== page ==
Building a behemoth

Tianshan Cement set to be new national giant upon $15 billion deal


A new giant in the cement sector

Is it a bowler hat or a snake swallowing an elephant? The question – asked about a drawing in Antoine de Saint-Exupéry’s novella Le Petit Prince – is a litmus test for the imagination. Picking the snake, according to its narrator, is a sign of someone who can dream the impossible dream. But such fanciful imagery – the swallowing of an elephant – might also be assigned to a recent asset consolidation plan by Sasac-owned China National Building Material (CNBM).

In a move to create the country’s largest cement company, CNBM announced on March 2 that it would be merging five of its subsidiaries in a deal worth Rmb98 billion ($15 billion). Four of the firms – namely China United Cement, South Cement, Southwest Cement and Sinoma Cement – will be folded into Shenzhen-listed Tianshan Cement, bumping up the latter’s business more than 16-fold to Rmb268 billion in assets.

With a market capitalisation of just Rmb17.7 billion, Tianshan Cement will finance 96% of the transaction by issuing new shares to 25 parties. It will raise an additional Rmb5 billion via private equity placements to another group of investors. The move will effectively lift CNBM’s interest in Tianshan Cement from 46% to 88%.

Nine months in the making, the deal incorporates the majority of CNBM’s assets in the cement industry (which earned 62% of its revenue last year). Headquartered in Urumqi in Xinjiang, the restructured Tianshan Cement will offer production capacity of 400 million tonnes of cement, 300 million tonnes of cement clinker, 400 million cubic metres of commercial concrete and 100 million tonnes of aggregate every year.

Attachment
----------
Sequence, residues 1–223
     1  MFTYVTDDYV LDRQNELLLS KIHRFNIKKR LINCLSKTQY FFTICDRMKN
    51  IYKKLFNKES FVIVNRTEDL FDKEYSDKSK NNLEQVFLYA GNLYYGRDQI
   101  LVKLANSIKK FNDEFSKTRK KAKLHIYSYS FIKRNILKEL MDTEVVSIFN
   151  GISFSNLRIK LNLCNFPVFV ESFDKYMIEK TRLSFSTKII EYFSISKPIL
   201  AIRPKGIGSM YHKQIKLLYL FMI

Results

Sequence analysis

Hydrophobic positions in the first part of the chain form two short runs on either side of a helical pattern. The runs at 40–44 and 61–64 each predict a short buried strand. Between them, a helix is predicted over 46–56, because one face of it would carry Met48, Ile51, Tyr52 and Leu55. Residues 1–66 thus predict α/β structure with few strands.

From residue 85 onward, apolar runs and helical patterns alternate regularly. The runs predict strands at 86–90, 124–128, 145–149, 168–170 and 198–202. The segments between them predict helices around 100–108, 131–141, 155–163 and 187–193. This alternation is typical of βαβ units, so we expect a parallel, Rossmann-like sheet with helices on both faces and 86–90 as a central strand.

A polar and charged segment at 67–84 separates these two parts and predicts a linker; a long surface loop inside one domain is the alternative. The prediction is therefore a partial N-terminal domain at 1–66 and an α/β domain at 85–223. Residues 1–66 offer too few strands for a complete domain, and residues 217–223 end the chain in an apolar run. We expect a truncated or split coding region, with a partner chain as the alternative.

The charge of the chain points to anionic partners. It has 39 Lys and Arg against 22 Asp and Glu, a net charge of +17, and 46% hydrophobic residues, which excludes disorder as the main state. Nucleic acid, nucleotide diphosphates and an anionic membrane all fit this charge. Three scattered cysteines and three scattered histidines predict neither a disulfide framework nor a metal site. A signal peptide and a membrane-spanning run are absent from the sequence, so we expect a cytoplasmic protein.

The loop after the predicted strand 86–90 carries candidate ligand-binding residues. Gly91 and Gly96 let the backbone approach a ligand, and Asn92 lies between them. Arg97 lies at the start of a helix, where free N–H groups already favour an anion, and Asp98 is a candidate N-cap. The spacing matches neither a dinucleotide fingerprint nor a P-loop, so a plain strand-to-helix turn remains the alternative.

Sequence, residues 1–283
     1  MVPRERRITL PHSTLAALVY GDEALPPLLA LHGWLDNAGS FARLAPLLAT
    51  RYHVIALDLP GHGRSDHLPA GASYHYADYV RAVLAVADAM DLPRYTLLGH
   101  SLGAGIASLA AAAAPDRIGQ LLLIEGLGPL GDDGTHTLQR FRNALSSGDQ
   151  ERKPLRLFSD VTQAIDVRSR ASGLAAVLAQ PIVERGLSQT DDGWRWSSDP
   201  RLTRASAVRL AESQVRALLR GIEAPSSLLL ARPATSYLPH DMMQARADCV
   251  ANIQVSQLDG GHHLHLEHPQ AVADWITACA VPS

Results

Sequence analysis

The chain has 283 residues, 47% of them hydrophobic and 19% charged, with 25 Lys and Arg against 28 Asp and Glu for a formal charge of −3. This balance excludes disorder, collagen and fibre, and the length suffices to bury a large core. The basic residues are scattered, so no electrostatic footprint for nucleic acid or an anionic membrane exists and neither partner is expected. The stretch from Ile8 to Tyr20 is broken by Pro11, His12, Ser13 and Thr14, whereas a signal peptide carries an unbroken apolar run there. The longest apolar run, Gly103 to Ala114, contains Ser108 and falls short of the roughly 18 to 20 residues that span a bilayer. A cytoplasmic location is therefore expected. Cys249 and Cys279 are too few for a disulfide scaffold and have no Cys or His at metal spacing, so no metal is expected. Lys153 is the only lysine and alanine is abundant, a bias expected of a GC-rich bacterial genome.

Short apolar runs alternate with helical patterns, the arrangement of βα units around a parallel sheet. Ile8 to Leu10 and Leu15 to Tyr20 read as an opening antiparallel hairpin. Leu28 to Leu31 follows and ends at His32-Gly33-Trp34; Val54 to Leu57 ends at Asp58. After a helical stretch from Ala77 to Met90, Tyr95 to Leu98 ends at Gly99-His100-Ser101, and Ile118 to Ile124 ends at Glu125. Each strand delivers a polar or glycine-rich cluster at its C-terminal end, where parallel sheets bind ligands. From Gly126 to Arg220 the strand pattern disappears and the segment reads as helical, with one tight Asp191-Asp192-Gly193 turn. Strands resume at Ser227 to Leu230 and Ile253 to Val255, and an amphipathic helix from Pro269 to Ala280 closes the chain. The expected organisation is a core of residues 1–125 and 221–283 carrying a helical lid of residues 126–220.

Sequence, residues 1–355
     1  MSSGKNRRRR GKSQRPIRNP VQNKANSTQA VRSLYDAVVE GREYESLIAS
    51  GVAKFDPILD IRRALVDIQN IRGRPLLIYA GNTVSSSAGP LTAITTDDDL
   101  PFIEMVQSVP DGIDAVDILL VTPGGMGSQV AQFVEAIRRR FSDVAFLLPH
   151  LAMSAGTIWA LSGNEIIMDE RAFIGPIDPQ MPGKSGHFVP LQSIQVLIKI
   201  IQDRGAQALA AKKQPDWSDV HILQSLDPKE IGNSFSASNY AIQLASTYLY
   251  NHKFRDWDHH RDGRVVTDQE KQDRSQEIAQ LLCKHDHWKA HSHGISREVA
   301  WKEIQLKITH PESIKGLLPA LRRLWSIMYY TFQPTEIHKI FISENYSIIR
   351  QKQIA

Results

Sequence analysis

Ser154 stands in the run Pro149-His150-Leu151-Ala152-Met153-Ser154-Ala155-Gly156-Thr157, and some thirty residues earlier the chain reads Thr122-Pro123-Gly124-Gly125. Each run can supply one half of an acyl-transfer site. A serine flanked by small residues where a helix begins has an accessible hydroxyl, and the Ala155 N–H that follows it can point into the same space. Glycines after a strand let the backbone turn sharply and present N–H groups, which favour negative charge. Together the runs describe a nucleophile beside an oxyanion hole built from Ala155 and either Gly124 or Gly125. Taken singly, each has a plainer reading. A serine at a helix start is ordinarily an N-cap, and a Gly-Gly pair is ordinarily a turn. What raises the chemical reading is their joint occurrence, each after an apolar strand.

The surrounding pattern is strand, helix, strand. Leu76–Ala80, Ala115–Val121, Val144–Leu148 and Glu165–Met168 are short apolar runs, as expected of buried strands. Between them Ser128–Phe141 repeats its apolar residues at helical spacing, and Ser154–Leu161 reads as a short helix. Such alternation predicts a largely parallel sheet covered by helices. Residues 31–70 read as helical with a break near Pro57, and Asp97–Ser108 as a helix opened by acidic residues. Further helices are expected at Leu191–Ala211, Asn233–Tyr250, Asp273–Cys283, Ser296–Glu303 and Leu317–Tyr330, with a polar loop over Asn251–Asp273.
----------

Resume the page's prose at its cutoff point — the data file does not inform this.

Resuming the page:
The consolidation will push the current market leader Anhui Conch Cement into second place in size, although Anhui Conch is generally viewed as the better-managed company. In spite of Covid-19, net profit at the Hong Kong-listed firm rose 4.6% on the year in 2020 to Rmb35.1 billion on a 12% increase in sales to Rmb176 billion.

Tianshan’s prospects could yet be punctured by a huge surge in its debts. Following the reorganisation, its leverage ratio will rise above 67%, compared with an average of 32% among its peers. Forecast profits and revenues post-merger of Rmb11.3 billion and Rmb169 billion will still lag Anhui Conch as well.

CNBM’s megamerger is meant to curtail unproductive capacity in the industry, amid the government’s broader push for ‘supply side reforms’ in a number of industries saddled with excess production (see WiC316). With much of its footprint in northwestern China, Tianshan reported capacity utilisation rates of just 43% in 2019, versus an average 74% for the four peers it is going to acquire. A wider portfolio and broader geographical reach also puts the merged entity in a better position to weather seasonality in demand, according to Huatai Securities, a local brokerage.

Since China started its recovery from the coronavirus outbreak last year, cement prices have been firming up. Cement clinker in particular saw a rally to Rmb390-400 per tonne last month as construction projects started earlier than usual due to reduced travel from migrant workers over Chinese New Year.

Aside from a huge pipeline of infrastructure and property projects this year, cement prices could also be buoyed by increasingly constrained supply, Northeast Securities claims. That could continue over the longer term: the plan to reach carbon neutrality by 2060 (see WiC513) will have an impact on cement makers, as their emissions account for 13% of the industrial sector’s carbon footprint.

Similar dynamics have encouraged more consolidation within the marketplace. In another case of M&A activity last month, Shenzhen-listed Gansu Shangfeng Cement announced plans to buy 85% of Inner Mongolia’s Songta Cement for Rmb112 million. The foundations of the cement sector are set for an overhaul, it seems.

© ChinTell Ltd. All rights reserved.

Sponsored by HSBC.

The Week in China website and the weekly magazine publications are owned and maintained by ChinTell Limited, Hong Kong. Neither HSBC nor any member of the HSBC group of companies ("HSBC") endorses the contents and/or is involved in selecting, creating or editing the contents of the Week in China website or the Week in China magazine. The views expressed in these publications are solely the views of ChinTell Limited and do not necessarily reflect the views or investment ideas of HSBC. No responsibility will therefore be assumed by HSBC for the contents of these publications or for the errors or omissions therein.